But Saudi-based analyst Adel al-Toraifi has a different take: "I think it is radical Shiite elements loyal to Iran and Syria who are doing this to blame the Saudis so as to take the pressure off themselves from the Americans."
On Wednesday, US and Iraqi forces killed at least 30 militiamen that were facilitating the transport of explosives into Iraq from Iran and sending Iraqis to Iran for "terrorist training," said the US military. Twelve other members of what the US calls "Special Groups" were arrested in a overnight raid in Sadr City, the Shiite slum in Baghdad.
Meanwhile, Prime Minister Nouri al-Maliki arrived in Tehran on Wednesday to discuss security and economic cooperation with Iran. Business, diplomatic, cultural, and religious ties are rapidly deepening between both countries.
Mr. Maliki even vowed Monday to crack down on the Mujahideen-e Khalq Organization, an Iranian dissident group once nurtured by Saddam Hussein during his long war with Iran's clerical regime but is now under the protection of US forces in Diyala Province northeast of Baghdad.
One Saudi fatwa allegedly called for the destruction of the mausoleum of Imam Hussein in Karbala, south of Baghdad. The violent death of the third imam and his companions in battle against the caliph's army in AD 680 marked the schism between Sunnis and Shiites. The intensity of the standoff over the centuries tended to track regional political upheaval.
And Iraq authorities are taking the threats seriously, especially in light of the bombing of the twin minarets at the Askariya shrine in Samarra north of Baghdad in June that followed an attack on its dome in February 2006.
A three-day ban on vehicle traffic starting Wednesday has been imposed in Baghdad with extra checkpoints springing up all over the city.
The annual pilgrimage to Kadhimiya
In Kadhimiya Tuesday, the emphasis was on displaying faith.
Tents were set up all along the main market street leading to Bab el-Mrad (Gate of Need), the entrance of the dazzling shrine with its glistening twin golden domes and its four minarets.
In one tent, Mahdi al-Kadhimi and his fellow Kadhimiya merchants have stacked bags of rice and beans that will be used to cook free meals for the weary pilgrims, many of whom traveled for days on foot from all over Iraq. Distributing food, water, and tea to pilgrims is considered a blessed act.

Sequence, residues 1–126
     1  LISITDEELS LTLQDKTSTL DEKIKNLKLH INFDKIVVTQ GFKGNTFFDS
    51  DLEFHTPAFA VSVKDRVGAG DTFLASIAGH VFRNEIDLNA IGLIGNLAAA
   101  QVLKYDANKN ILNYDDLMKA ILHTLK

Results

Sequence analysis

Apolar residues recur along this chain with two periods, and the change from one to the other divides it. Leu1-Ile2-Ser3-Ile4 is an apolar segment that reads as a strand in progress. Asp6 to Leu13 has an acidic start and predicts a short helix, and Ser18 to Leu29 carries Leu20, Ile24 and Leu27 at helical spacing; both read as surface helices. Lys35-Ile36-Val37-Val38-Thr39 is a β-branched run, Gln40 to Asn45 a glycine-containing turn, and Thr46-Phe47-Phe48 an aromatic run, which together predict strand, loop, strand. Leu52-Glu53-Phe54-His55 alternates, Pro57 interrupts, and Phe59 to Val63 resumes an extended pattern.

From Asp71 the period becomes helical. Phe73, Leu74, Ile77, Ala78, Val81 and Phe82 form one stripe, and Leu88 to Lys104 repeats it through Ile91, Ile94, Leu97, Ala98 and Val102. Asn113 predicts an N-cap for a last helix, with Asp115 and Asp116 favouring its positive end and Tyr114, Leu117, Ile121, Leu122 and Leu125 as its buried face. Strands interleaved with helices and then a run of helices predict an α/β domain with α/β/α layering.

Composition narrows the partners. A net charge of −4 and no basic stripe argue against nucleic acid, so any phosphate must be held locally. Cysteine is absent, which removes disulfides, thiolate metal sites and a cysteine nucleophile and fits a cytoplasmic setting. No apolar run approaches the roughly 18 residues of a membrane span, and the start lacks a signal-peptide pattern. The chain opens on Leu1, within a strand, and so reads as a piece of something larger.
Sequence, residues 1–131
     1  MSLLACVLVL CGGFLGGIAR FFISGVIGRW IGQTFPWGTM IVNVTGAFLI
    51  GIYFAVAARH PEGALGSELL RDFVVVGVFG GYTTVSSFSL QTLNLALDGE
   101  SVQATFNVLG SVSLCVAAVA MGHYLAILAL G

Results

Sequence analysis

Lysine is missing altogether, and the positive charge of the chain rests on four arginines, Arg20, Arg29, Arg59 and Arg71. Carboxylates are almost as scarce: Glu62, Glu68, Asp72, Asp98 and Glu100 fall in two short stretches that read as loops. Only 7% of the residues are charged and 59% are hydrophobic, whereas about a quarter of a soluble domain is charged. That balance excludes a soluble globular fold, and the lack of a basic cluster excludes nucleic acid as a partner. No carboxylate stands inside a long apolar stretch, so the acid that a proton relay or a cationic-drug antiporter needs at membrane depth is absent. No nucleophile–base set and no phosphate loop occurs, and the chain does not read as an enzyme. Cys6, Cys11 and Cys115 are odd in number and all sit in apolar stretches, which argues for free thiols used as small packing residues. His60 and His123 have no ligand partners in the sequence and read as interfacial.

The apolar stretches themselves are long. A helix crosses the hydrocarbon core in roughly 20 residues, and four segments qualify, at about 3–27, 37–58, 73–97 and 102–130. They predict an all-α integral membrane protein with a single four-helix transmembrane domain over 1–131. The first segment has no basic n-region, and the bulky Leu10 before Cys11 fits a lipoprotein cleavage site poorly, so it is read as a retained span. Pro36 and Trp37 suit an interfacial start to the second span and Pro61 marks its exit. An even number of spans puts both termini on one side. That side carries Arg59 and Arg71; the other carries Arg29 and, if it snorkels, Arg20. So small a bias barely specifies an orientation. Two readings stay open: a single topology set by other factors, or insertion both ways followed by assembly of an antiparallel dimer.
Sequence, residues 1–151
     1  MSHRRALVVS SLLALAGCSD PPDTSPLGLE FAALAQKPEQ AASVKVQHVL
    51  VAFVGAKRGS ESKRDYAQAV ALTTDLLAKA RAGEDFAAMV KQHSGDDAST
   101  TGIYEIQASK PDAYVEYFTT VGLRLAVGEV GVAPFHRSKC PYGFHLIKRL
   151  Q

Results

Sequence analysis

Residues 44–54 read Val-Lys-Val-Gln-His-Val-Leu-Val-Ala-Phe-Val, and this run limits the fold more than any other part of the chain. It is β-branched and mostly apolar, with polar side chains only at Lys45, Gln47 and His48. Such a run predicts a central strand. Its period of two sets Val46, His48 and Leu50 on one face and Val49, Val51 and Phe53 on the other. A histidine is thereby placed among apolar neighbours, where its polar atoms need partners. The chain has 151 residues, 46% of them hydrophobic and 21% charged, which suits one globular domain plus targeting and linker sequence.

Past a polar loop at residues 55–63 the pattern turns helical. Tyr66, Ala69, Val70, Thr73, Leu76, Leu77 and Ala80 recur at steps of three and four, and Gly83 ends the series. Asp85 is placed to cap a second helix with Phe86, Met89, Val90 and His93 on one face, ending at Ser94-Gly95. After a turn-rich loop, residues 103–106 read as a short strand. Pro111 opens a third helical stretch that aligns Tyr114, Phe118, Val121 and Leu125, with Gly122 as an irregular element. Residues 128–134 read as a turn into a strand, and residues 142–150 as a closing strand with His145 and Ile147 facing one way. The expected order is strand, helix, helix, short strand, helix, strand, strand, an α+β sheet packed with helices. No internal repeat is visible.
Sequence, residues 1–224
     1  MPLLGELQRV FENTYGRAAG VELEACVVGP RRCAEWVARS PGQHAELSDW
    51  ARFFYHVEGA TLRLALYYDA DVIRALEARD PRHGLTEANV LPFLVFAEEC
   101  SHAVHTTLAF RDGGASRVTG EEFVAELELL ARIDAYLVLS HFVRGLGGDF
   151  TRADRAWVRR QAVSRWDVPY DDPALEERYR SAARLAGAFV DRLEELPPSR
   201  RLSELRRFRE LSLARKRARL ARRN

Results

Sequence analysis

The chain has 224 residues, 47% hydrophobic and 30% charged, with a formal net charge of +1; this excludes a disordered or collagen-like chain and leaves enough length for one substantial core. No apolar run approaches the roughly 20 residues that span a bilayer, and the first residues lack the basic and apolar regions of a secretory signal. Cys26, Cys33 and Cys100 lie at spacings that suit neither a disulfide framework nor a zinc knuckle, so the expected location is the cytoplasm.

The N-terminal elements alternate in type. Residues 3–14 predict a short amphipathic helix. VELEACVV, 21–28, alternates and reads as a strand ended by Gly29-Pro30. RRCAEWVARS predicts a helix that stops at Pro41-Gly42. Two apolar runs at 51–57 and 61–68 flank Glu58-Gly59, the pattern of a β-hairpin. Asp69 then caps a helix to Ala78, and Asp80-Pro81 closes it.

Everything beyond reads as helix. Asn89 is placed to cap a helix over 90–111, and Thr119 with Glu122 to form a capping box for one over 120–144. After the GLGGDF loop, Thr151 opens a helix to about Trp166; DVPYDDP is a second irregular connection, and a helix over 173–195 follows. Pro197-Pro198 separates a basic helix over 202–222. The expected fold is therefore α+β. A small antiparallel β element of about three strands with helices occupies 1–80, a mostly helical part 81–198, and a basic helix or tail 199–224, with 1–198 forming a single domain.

Giant speakers fill the air with the sound of Shiite laments intended to infuse spirituality and fervor to the occasion.
A wooden cage with dangling chains, and mannequins posing as Abbasyid-era sentries, standing guard is supposed to replicate Imam al-Kadhim's time in captivity. He is depicted bearded and shackled in a colorful banner pinned to the inside of the cage.
All of these visual displays of Shiite faith and its veneration of shrines are considered acts of blasphemy by puritan Sunni Islam that reigns in Saudi Arabia.
"To each his own," says Mr. Kadhimi shrugging off talk of the new Saudi fatwas.
At the shrine's gate, police search everyone. In addition to government forces, Sadr's militiamen play an important role in securing the area. Heavily armed men in black shirts and military style khaki pants roam the streets. Mr. Araji, the local leader who was once detained by US forces, says they are not from the movement's Mahdi Army militia but are personal guards of visiting parliamentarians from the same movement.
On Sunday, an altercation between one of these armed men and an Iraqi soldier degenerated into a firefight that killed a woman pilgrim, according to Araji, who was caught in the crossfire.
As pilgrims approach the inner sanctum of the shrine with its vast marble esplanade many, entranced by the moment, fall down on their knees in tears.
Adel Said and his wife hold the hands of their little children.
"These anti-Shiite fatwas are not new, they have been around for hundreds of years, I think some people may be agitating to stir up trouble for political gains," says Mr. Said, who plans to come again to the shrine on Thursday without his family as part of a massive procession that will leave Sadr City to the east on foot at dawn.
Rasheed Abou-Alsamh contributed from Jeddah, Saudi Arabia.